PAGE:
HOLBROOK—Local chiropractor Kenly Ries has been indicted anew with three new felony DUI-related crimes in the Navajo County Superior Court.
It is not even one year into his three-year term of felony probation which began on August 1, 2019 when he was sentenced for a domestic violence misdemeanor charge committed against the mother of his four children. On June 2 prosecutors filed with the court a grand jury indictment charging Ries with two counts of aggravated DUI with a child under the age of 15 years in the vehicle, Class 6 Felonies, and one count of child abuse, a Class 4 Felony.
He is not listed as an inmate of the county jail. Ries is presumed by law to be innocent.
Ries’ plea agreement for the October 31, 2018 attempted aggravated assault on his children’s mother was heavy on rehabilitation and light on punishment. He was adjudged guilty of domestic violence disorderly conduct, a misdemeanor, for breaking a door at his family’s home, and he was sentenced. By contrast, although he pleaded guilty to the Class 5 felony of domestic violence attempted aggravated assault (choking the victim), the judge did not accept Ries’ plea and the court did not enter a judgment of guilt against him. The deal looked like the product of skillful lawyering on the part of Ries’ retained counsel, Ron Wood of Show Low, by avoiding a felony conviction, Ries not only avoided prison, but was able to keep his license to practice as a chiropractor and thus maintain his business and support his children. The last entry from that board about Ries was in December, 2019 and there is no action listed.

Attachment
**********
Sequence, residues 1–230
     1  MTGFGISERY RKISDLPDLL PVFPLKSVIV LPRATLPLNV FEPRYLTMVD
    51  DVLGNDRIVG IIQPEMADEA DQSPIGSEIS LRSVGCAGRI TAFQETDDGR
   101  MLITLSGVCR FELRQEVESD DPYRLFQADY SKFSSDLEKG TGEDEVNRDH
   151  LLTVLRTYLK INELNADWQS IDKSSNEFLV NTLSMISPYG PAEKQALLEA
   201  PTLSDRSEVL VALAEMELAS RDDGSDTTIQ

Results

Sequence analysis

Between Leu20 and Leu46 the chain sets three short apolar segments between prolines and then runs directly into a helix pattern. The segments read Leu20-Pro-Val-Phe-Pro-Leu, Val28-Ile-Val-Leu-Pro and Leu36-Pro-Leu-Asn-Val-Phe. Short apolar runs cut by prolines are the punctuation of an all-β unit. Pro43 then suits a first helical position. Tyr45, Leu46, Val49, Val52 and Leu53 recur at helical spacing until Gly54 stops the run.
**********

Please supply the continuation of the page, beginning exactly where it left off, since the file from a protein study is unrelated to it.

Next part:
But as part of the deal in the criminal case, Ries was required for three years to remain a law-abiding citizen and, among other terms, to consume no alcohol.
Now, Ries not only faces prison for the aggravated DUIs and child abuse allegations, (up to 3.75 years for the latter) he is subject to having the 2019 domestic violence Class 5 Felony entered of record which carries a prison term of up to 2.5 years; add to that 6 months in a county jail if the state successfully moves to revoke any misdemeanor probation. Finally, if he is convicted of any felony, it’s likely that the Arizona Board of Chiropractic Examiners will revoke his professional license—the very thing he adroitly avoided last time around.
As of now, Ries has not been convicted of any felony and the strength of the state’s case is not known. DUI charges are sometimes more scientifically complex than murder cases--especially with a reading from a blood draw or breath test—and a lot can go wrong for the state in such cases. The state can be willing to be persuaded in light of deficiencies in a first-offense case to lower or amend charges, but in this case the sentiment of “fool me twice...” could cause a big problem for the defense.
The Independent attended Ries’ sentencing in August of last year. Ries appeared sincerely contrite, the victim spoke of her hopes for his rehabilitation, defense counsel was eloquently optimistic, the judge and the prosecutor both wished Ries well.
The consolidated hearing on both the old case and the new charges is set for August 12.